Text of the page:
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Paris GDC - Part 6 - Who wants to be a Game Tester? Print E-mail
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Written by Christophor "SuperGuido" Rick   
Saturday, 28 June 2008

[OpEd]

While at the conference I had the opportunity to talk to a few company reps for various games related services. I thought I would put them all together in one post but I found that some had loads of information and so that would be an extremely long post. So I will break them into several posts to keep from putting you to sleep. The first company I talked to was Enzyme Labs.

 

An enzyme is a biological molecule, usually a protein, that catalyzes a reaction helping the reaction to complete faster or more efficiently. Enzyme Labs does games testing. Why do you care? Well if you want to get into the games industry a game testing job would be a good place to start and get some experience. The Montreal, Canada based company currently employs around 275-350 testers at any given time. They have worked on 250 titles this year (a title being a SKU basically in that the same game on 3 platforms would be three titles) including games from companies like Ubisoft and Atari. They have about 80 linguists on staff covering 12 languages for localization testing purposes.

OK now on to the why it’s important to you part of the article. As Enyzme is always looking to grow their business that means they are on occasion looking to grow their tester pool. So I thought I would ask them some questions about getting into game testing. The skill set they want includes being a gamer. If you’re reading this you’ve probably got that one covered. But you also have to have excellent communication skills and a lot of patience. A major part of game testing is playing the same level over and over again looking for possible bugs and flaws. When you find one you have to have the documentation skills so that you can explain the bug in detail and give accurate directions on how to reproduce it. This means you need to have a good memory and excellent organizational skills.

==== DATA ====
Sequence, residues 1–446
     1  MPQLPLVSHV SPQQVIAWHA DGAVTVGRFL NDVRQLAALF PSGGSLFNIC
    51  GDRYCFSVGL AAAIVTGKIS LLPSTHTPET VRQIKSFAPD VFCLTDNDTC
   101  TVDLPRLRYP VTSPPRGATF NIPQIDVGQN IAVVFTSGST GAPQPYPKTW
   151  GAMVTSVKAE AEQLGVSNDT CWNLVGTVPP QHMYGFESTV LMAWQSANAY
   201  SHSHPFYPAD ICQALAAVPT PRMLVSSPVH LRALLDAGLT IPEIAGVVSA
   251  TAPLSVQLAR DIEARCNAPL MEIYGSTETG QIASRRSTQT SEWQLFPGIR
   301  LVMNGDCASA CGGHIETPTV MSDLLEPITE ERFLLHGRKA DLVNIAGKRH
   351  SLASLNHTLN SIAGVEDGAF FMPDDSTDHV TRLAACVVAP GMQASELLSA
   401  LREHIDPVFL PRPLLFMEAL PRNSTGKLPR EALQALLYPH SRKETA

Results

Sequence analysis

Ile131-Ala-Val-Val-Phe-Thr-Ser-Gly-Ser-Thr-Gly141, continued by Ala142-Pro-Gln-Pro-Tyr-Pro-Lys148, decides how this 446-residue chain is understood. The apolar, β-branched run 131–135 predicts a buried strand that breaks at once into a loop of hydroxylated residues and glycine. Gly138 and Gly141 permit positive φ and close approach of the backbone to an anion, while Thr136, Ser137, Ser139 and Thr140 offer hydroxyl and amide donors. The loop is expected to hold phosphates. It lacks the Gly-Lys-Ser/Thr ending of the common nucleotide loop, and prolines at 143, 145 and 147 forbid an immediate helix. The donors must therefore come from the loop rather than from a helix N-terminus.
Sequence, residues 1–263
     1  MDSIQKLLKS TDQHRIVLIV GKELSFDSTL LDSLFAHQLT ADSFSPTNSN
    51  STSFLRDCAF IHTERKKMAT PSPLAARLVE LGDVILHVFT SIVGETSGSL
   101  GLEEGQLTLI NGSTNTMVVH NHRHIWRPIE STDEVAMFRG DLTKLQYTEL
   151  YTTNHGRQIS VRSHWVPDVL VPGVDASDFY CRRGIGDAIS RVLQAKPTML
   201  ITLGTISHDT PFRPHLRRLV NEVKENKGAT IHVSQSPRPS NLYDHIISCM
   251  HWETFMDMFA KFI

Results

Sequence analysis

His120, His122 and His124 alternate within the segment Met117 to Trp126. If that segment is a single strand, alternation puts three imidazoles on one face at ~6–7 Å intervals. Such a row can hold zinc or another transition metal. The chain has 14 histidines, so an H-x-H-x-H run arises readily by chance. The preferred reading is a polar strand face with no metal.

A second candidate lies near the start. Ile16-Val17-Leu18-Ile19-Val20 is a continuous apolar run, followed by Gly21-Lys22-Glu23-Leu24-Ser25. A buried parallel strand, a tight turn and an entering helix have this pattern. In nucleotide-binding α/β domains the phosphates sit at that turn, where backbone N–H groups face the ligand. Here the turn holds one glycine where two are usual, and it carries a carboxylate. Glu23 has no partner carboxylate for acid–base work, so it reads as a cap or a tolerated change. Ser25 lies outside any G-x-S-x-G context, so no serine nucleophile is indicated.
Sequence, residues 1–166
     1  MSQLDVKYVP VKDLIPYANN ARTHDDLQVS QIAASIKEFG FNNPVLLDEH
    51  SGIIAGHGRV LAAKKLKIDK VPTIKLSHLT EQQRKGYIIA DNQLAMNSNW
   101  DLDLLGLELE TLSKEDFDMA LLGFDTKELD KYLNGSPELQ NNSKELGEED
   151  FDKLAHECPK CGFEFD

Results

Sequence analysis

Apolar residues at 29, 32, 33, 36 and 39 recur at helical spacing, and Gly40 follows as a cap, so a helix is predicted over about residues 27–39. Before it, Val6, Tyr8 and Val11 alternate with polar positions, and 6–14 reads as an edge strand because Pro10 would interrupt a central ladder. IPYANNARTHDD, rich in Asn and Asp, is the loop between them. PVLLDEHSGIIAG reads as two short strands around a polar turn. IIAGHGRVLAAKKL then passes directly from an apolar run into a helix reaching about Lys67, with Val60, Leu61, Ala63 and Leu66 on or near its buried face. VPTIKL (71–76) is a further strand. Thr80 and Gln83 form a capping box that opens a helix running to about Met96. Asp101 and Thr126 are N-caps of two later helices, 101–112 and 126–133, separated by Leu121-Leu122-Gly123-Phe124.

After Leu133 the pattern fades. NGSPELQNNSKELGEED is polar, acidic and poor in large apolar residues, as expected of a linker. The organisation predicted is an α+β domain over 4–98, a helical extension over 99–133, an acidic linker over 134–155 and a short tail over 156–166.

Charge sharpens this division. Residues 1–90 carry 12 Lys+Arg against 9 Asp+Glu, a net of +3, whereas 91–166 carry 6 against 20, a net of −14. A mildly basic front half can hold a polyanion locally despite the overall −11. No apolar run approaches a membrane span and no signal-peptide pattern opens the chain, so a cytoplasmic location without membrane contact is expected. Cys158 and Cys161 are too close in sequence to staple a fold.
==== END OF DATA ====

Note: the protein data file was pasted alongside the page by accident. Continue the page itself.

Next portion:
Being a game tester is not all fun and games. It’s a serious job that is necessary so that companies can put out the best games available. They also said it would be very helpful if you were linguistically inclined. That means knowing things like the difference between the past participle and a relative clause. After all you’ll be checking the text for spelling and grammar mistakes (sorry CigDangle and snorkel...that rules you two out). If you’re fluent in multiple languages then you would be of immense value to them especially if one of the languages was a less common one like Czech. Finally, you’ve got to be willing to relocate or to travel to them whenever they have work for you. Due to security all testing is done in their secure locations so that versions of unfinished, upcoming games don’t go walkabout or are compromised in some other fashion.

If you’re interested in becoming a game tester for Enzyme Labs they’ll first require you to pass a test and then if that goes well and you meet their needs you’ll enter into their training program that will teach you how to find and document bugs as well as which are most important and why. So take a look at their website for more information. Who knows, it could be the first step into a lifelong gaming career.

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Last Updated ( Tuesday, 01 July 2008 )

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